It was time for me to visit the Mahalasa temple at Verna, which has been recently rebuilt at the very place it was first located. Verna today is the industrial district of Goa, full of factories and big offices. In fact, when I moved to Goa, this is where my office was located, not too far from the temple. It took me seven years before I could visit the temple. As they say, you can visit Devi temples only when She wants you to visit her.
Located at a foothill, it is probably one of the biggest temples in Goa.
The temple tank is also the biggest I have seen in Goa. It looks beautiful with clean laterite stone.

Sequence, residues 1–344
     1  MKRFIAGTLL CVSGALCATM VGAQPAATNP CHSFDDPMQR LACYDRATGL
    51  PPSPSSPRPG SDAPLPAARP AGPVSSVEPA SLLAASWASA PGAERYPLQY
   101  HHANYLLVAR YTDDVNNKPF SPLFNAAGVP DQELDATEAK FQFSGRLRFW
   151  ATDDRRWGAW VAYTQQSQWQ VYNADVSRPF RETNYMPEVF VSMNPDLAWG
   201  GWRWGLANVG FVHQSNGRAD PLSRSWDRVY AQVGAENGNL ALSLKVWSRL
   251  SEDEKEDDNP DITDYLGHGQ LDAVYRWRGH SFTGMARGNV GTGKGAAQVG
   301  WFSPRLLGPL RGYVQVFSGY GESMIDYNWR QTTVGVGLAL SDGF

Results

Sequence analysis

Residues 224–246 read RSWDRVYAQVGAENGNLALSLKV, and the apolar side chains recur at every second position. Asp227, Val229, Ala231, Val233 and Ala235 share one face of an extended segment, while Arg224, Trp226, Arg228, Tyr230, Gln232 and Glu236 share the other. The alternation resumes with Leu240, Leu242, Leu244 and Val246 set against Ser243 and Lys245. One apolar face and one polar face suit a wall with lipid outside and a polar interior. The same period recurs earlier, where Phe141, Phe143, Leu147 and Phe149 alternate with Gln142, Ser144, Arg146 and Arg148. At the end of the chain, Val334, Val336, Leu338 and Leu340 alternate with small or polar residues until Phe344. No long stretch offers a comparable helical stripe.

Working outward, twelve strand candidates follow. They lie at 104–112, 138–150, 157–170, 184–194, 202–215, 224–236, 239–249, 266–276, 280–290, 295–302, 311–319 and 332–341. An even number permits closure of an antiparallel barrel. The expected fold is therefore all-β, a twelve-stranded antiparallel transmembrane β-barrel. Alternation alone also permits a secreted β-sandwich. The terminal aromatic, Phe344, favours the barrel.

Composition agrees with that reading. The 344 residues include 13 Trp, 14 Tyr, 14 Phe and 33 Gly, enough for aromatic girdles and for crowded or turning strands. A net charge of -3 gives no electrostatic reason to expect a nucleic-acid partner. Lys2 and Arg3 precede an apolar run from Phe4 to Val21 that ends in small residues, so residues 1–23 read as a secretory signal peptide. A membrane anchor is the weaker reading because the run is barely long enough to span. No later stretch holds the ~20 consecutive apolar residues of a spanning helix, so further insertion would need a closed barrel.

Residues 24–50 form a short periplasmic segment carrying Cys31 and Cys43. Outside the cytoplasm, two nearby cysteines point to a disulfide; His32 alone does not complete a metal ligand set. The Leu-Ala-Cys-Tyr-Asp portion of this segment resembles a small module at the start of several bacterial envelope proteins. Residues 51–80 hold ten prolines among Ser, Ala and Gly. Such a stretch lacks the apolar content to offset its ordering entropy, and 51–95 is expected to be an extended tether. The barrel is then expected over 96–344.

A circular well is located at one corner of the tank. It was so clean that I thought it has been built new with the temple, but I was told it is the old and original tank of the temple.
History of Mahalasa Narayani Temple
The temple was originally located in Varunapuram now known as Verna. During the 16th CE, it was completely destroyed by the Portuguese. The temple was rebuilt in Mardol village in Ponda, where it continues to exist. A new temple has been recently built at the original site of the temple.
Other temples of Mahalasa are located in Paithan, Nevasa, Karwar, Kumta, Kasargod, and Harikhandige.
Mahalasa is a Kuldevi of many Saraswat Brahmin families and few other communities.
The architecture of Mahalasa Narayani Temple
The architecture of this new temple is very unique. It is designed as a complex, which is still a work in progress. A map at the entrance tells you about the different parts of the temple.